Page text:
Tuesday, 18 November 2008
This was drawn on prepared paper with a flat-nibbed dip pen (sort of medium calligraphy width). In fact I'm loving the effect dip pens have on simple lines. They're not as random to use a a stick dipped in ink, or as uniform as fine-liners. Brush pens create a sweeping line with smooth edges. Whereas dip pens require respect whilst using them, as they seem all easy-going one moment, then BAM, you get a funky squiggle, and they can lay down a lot of ink in one go so that, when you draw over a line, you get some pooling where they cross. I've been using the nibs from cartridge pens as dip pens so, as the drawing session progresses, the reservoir fills up so you don't have to 'dip' so often. Magical.
Sunday, 16 November 2008
Then, I started scribbling a skyscape on cartridge paper, which then took off and became this mad view of Penshaw Monument. There's not enough contrast for me to be totally happy with it, but I like the layering and inter-mingling of colours and lines. Again, maybe I'll rip it up and turn it into something else.
Saturday, 15 November 2008
Friday, 14 November 2008
Tuesday, 11 November 2008
This image was made by lino-print on paper I'd pre-painted with acrylic paints. I made three prints of the monument, and I printed the sky directly into the Moleskine book. The printed images were then cut up and re-assembled, making the monument quite textural on the page.
Now I intend to make more of these images, using similar construction techniques, exploring different backgrounds and colour-ways, as this was done in summer, and we are now well into autumn here. So much so that the constant drizzle we're getting has prevented me photographing Penshaw. Digital camera + driving rain = insurance claim.
Monday, 3 November 2008
So I thought I'd share it with you because I haven't any of my own works to post about at the moment.
Saturday, 1 November 2008
Friday, 31 October 2008
Tuesday, 28 October 2008
Monday, 27 October 2008
Sunday, 26 October 2008
Friday, 24 October 2008
Thursday, 23 October 2008
Wednesday, 22 October 2008
I'm now at the stage where I want some more pastels to work with, as I mentioned previously. I want to get to grips with the fantastic sage green of the trunks, and capture the moody shadows amongst the foliage.
This is the box of pastels I'm working with and, as you can see, they're mostly brights.
Tuesday, 21 October 2008
Monday, 20 October 2008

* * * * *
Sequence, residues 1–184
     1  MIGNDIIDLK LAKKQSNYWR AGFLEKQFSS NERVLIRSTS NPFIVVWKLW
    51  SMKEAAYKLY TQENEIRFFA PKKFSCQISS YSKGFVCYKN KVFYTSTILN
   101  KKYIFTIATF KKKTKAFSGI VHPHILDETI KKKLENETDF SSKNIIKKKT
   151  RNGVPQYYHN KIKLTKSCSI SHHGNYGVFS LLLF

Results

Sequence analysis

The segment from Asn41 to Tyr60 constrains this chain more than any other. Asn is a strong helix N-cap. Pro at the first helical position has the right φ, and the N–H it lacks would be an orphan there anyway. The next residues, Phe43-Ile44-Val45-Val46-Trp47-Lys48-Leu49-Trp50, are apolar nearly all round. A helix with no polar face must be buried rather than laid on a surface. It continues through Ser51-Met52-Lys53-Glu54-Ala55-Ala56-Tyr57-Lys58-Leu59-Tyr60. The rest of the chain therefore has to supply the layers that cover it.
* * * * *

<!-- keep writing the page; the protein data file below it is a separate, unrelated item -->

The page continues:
Sunday, 19 October 2008
Because there's no detail in the treetop to hold the eye, I think the background is a distraction here. I could have done with simplifying the background more, and emphasised the strong shapes in the tree. Writing this I'm now hoping for a dull day so I try out that idea. I do like the vague dark haze created by the background planting, with suggestions of water and buildings beyond.
Saturday, 18 October 2008
Friday, 17 October 2008
I initially dotted on the foliage of the tree, like dabs of paint impressionist-style, but I found it too hard, so I smudged it, then added the side-lit leaves on the left, and I think I like it. In fact I love it. The sea is the wrong colour, the tree trunk is wrong and I don't know how to fix it, but I'm not going to loose sleep over that. I'm just amazed already about how much colour I'm seeing in a view I've glanced at every day for nearly 15 years, but have never taken the time to look at.
Thursday, 16 October 2008
Anyway, my parents were always delighted when I would ask for some new art materials, because I think they thought I was neglected compared to my sister. I must interject here that my parents had little money - it's not like they lavished us with extravagant gifts, and my sisters and I always valued anything were were given, be it new or second hand. I'm getting off subject.
My first set of pastels. Right.... so, this morning in the post is the book 'Colour and Light in Oils' by Nicholas Verrall. At the very beginning he says....the first important decision for an artist is which medium to use..... so we need to find the medium that we feel most happy with, the one that offers us the greatest potential to work in a positive, uninhibited way.'
Okay, so he'll never win the Nobel Prize for Literature, but this idea is timely for me because I am tackling colour - a subject I have avoided for a long time and which I'm determined to got to grips with. Choosing to work in a new medium would be taking on too much at once, and I'd be distracted by learning new techniques when I'm trying to learn about colour.
Hence, I am working in soft pastels. I am not an expert in them, let me get this straight from the start. BUT, they hold no fear for me, unlike the tense thrill I get from painting in oils. I can get them out when I have 20 minutes to spare, and pack them away quick when the kids threaten to interfere.